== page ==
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To The Register : As this is my first visit to this famous city, I would like to give your readers a little of my experience. T-be more I see of Boston, the more I am impressed with it8 grandeur, magnificence and beauty. The order and harmony in which its municipal affairs are conducted - the quiet, eirnest, yet thoroughly active business propensities and facilities, its vast wealth and unlimited resources - the neatness of j[g streets, the stupendous maises of marble and brick, the beautiful parks so plentifully sprinkled all over the city, the fountains, flower-beds, and hanging garden., the many attractions and places of interest, in different parts of the city, the throng of restless human beingg, all mtent on going somewhere in the briefest possible time, THE LOADED STBEET CARS, which in smaller towns would sutrgest an unusual holiday, all are subjects of interest and arrest the attention of a strane;er. One marveU that this splendid city was all wrought by the diminutive brains and hands of puny man I Some of the streets are green and beautiful, not because of the trees and gardens in front of the buildings, but because the buildings, five and six stoned, churche8 and public buildings of massive structure, are literally covered with a beautiful clinging vine, a Virginia creeper, unlike our common ivy. It climbs and piasters iteelt against the walle, fitting itself to cornice, turret and dome. It will grow on glass, but in most cases is kept from the windows, which form square opening8 in the mass of green ness, and the eymmetry of the building is preserved. THE PUBLIC GARDENS. Boston Common and public parks, are generally thronged with idlers and pleasure seekers The soldier's monument appeals tojour national piide and patriotism. The beautiful ponds in the public gardens are presided over by the managers of white swan boats, which glide blissfully over the placid waters " for a nickel " all aorund the shores, which are banked with rare and beautiful plants and flowers. But the everlastine; " notice " to " keep off the pass " everywhere stares you in the face; md longing humanity must be content to siand or sit on earthen sidewalks, while it looks and sighs for blessings beyond its reach. Boston Common is not so exclusive - there is more freedom but no flowers. " City Point " is a beautiful out-look upon the Bay, and a delightful beach and bathing place (only look out for the sar.d fleas that are more troublesome than mosquitoes, and they permeate every bed} chamber unless rigidly excluded by bars, and bite savagely, for it is no unusual thing to see the blotches on the hands and faces of those we meet). THE IONO, BROAD PIER, partly roofed over, that extends half a mile or less out into the water is usually thronged with visitors. It looks beautiful when lighted by electric lamps in the evening. The water here is shallow for a long way out, and little boats containing people who like to " paddie their own canoe " are seen in considerable numbers threading their way between sloops and small vessels which lie at anchor. The ferry carries you from Row's Wharf to Oak Ieland, and thence by steam you can reach the beautiful beach "Point of Pines," a great resort for pleasure seekers. Refre8hment houses, games, exhibitions, music and dancing are found in abundance. A.nd bathing and clam hunting is also in order. Bunker Hill Monument, which stands across the Charlestown nver, and the navy yards, are worth going to see, and the privilege of climbing to the top of the shaft " may be had for a quarter." The view is said to repay the toil of climbing. I like to climb to high places; have climbed to the top of the Iowa capítol at Des Moines, of the State house at Laneing, Michigan, of the city hall at Detroit, but the undertaking here seemed too great, the ventilation insufficient, the day too warm, and I declined, content with a view of the surrounding grounds, fountains and a contemplation of this marvelous work of man and the heroic struggle for Independence that made such an achievement desirable. The galleries of natural history, art museum, Boston museum, etc, are wonderful collections, and must be seen to be appreciated. Fremont street, my present home, is one ot the principal streets in Boston. It is remarkably clean and neat - being gwept daiW by an army of street sweepers with huge brush brooms. It ia an aristocratie street and contains some of the finest homes and churohes in the city ; contains a doublé line of street car?, which are going day and night and always loaded with people. I have counted eightcars passing my room in five minutes, and that is the usual rate. I have wondered that there were no fibïs . in this great city, but have been told that fires were trequent, and that they gave only secret or silent alarms to the fire departments, and so their work was not hindered by crowds. I seldom see a child and never a dog, unless it is in the arms of a fashionably dressed lady. Two young &Qd beaatifully dressed ladies met on the sidewalk. One bore in her arms a home'y, black-nosed pug. " Oh, you little dar}'ng," said her friend, touehing with her jewelled Snger the pug's nose. " SDeak to him by name and see if he will know 'V' said the other. " What is it?" " Wil''," was answered. " Willie, Willie, oh, you little darliog." The dog napped, ?rowled and run cut bis tongue in a pleased dog way, and both ladies were deghted at this exhibition of canine intel"gence. These wonderfully fine ladies in this "cultured city " would consider it a diegrace to be seen with achild in arms. So much for oustom. But I am ashamed of my sex when I see such a display of love for the brute, to the exclusión of beautiful ohild humanity. A trip to EOÜTH BOSTON and East Boston and some of the Iower places about the harbor, reveáis the whereabouts of thousands of ohildren and dogs, and lean cats and the poor of Boston, for somehow, children, ale houses, gin shops, poverty and dirt go together. I saw hundreds of little children, nearly of a eize, making mud pies in the street - dirty, tear-stained, barefooted and ragged, and my heart ached for them as I saw them roughly pushed aside by drunken fathers and mothers who reeled through the Btreets with their pots of beer or whisky in their hands. Oh, the riches, the elegance, the fine homes of some parts of this grand Boston, and oh, the poverty, misery and sin in the oherl Will it always be so? When will the riches of this world be used for the good of all ? There is, there must be a way of adjusting these things if we can find it.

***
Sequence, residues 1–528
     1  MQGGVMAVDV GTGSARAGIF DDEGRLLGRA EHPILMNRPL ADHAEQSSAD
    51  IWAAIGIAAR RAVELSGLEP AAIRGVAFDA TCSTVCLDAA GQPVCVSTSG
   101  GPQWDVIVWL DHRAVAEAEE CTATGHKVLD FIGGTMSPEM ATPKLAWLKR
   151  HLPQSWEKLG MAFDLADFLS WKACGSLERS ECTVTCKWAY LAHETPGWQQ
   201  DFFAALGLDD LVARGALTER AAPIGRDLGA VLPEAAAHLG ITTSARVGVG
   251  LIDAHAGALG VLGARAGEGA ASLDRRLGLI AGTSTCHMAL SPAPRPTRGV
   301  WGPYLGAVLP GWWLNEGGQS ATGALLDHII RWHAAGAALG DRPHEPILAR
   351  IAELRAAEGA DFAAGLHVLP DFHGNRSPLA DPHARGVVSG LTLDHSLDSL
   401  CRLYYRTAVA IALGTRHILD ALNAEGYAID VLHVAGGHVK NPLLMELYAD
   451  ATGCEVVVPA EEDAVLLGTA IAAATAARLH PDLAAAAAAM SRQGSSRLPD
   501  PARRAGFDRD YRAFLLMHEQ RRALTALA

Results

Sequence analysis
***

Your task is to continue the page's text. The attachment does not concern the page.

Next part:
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Ann Arbor Register